Select Committee on Transport, Local Government and the Regions Eleventh Report

IV. List of Conclusions and Recommendations

(a)  We expect to see firm proposals for the future of aviation in the forthcoming Aviation White Paper, which is due to be published in the autumn of 2002. We are concerned that the timetable for the White Paper has already slipped (paragraph 2).

(b)  The air transport industry is cyclical and susceptible to downturns in the economy. Since 2000, there have been signs of a general slowdown in the global economy that led to fewer passengers and less money for investment in the industry. Many sectors of the United Kingdom's air transport industry were, therefore, already experiencing a significant reduction in business even before the terrorist attacks in the United States. There has been a marked contrast in reaction by the various industry sectors in responding to that reduction in business. The low-cost sector appears to have been the most successful in generating traffic and improving profitability by exploiting new markets and, in some cases, use of secondary airports while restraining costs (paragraph 8).

(c)  We do not support long-term public assistance for the additional security costs incurred by the air transport industry as a result of 11 September (paragraph 11).

(d)  We condemn the hasty manner in which the insurance industry withdrew cover for aviation following the terrorist attacks and welcome the Government's prompt and appropriate action in implementing short-term measures to ensure continuity of essential insurance cover. The Department should provide a report on progress towards a return to a wholly commercial insurance market, and an indication of its view on long-term solutions to providing war risk and terrorism liability insurance cover for the air transport industry. We recommend that the Treasury publish figures on the amount of money it has received from the industry by way of premia and explain what it intends to do with the money (paragraph 14).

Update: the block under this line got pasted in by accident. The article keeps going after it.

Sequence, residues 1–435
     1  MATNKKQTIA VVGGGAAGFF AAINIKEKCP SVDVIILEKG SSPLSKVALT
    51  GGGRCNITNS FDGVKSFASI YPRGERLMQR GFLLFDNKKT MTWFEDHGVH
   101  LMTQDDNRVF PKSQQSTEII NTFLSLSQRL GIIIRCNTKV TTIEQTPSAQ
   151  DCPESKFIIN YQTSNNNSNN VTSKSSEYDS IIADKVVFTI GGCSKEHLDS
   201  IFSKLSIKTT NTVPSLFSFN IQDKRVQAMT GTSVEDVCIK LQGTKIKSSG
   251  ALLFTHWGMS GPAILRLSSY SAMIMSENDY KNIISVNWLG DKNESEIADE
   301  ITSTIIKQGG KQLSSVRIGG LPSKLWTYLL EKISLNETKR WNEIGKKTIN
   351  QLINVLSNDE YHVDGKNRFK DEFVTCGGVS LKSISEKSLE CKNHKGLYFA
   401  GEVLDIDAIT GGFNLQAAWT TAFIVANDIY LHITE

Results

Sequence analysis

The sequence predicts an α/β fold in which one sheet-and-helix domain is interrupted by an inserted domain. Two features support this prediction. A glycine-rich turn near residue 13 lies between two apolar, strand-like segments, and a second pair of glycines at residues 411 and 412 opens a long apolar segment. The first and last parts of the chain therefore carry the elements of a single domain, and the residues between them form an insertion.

(e)  The immediate impact on airlines of the 11 September attacks was severe, particularly for those providing premium services to the United States. But there is no compelling evidence to suggest that there will be a medium to long-term reduction in passenger confidence in aircraft safety and security. In the past, passengers have adjusted to the imposition of more stringent security regulations and are unlikely to find difficulty in doing so again. We do not anticipate that the latest security requirements will have an adverse impact on the market for air travel (paragraph 19).

(f)  There is no doubt that, even though passenger confidence is recovering, times are tough for the air transport industry. We do not consider it appropriate to increase either the regulatory burden or the costs to any sector of the air transport industry now. We recommend that the CAA seek to postpone the introduction of any proposed increases in charges at regulated airports that may result from its recent review (paragraph 20).

(g)  The events of 11 September had implications throughout the air transport industry, including general aviation and ground service providers. We recommend that the Government bring forward firm proposals to guard against the permanent loss of highly skilled jobs and personnel in the industry (paragraph 21).

(h)  Without prejudice to the findings of our separate inquiry into NATS finances, we find it remarkable that the Department had not prepared a contingency plan for NATS going into administration or receivership (paragraph 23).